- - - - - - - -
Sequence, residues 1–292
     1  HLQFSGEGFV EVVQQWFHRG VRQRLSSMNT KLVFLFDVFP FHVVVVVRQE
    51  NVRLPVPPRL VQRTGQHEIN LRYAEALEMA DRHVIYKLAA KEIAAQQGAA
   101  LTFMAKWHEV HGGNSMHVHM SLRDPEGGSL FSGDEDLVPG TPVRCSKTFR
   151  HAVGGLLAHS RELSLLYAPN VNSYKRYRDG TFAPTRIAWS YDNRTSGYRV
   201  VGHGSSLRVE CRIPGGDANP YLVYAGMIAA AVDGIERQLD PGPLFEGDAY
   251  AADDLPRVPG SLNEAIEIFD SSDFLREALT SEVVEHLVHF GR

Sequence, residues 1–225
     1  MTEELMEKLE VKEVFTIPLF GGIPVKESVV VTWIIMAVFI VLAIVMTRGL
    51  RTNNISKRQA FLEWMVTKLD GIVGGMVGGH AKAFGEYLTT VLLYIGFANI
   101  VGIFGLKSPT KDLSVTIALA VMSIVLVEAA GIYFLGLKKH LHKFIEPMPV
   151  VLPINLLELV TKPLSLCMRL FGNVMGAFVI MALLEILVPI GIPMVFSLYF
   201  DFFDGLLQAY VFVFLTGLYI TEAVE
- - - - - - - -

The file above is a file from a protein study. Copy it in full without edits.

Sequence, residues 1–292
     1  HLQFSGEGFV EVVQQWFHRG VRQRLSSMNT KLVFLFDVFP FHVVVVVRQE
    51  NVRLPVPPRL VQRTGQHEIN LRYAEALEMA DRHVIYKLAA KEIAAQQGAA
   101  LTFMAKWHEV HGGNSMHVHM SLRDPEGGSL FSGDEDLVPG TPVRCSKTFR
   151  HAVGGLLAHS RELSLLYAPN VNSYKRYRDG TFAPTRIAWS YDNRTSGYRV
   201  VGHGSSLRVE CRIPGGDANP YLVYAGMIAA AVDGIERQLD PGPLFEGDAY
   251  AADDLPRVPG SLNEAIEIFD SSDFLREALT SEVVEHLVHF GR

Sequence, residues 1–225
     1  MTEELMEKLE VKEVFTIPLF GGIPVKESVV VTWIIMAVFI VLAIVMTRGL
    51  RTNNISKRQA FLEWMVTKLD GIVGGMVGGH AKAFGEYLTT VLLYIGFANI
   101  VGIFGLKSPT KDLSVTIALA VMSIVLVEAA GIYFLGLKKH LHKFIEPMPV
   151  VLPINLLELV TKPLSLCMRL FGNVMGAFVI MALLEILVPI GIPMVFSLYF
   201  DFFDGLLQAY VFVFLTGLYI TEAVE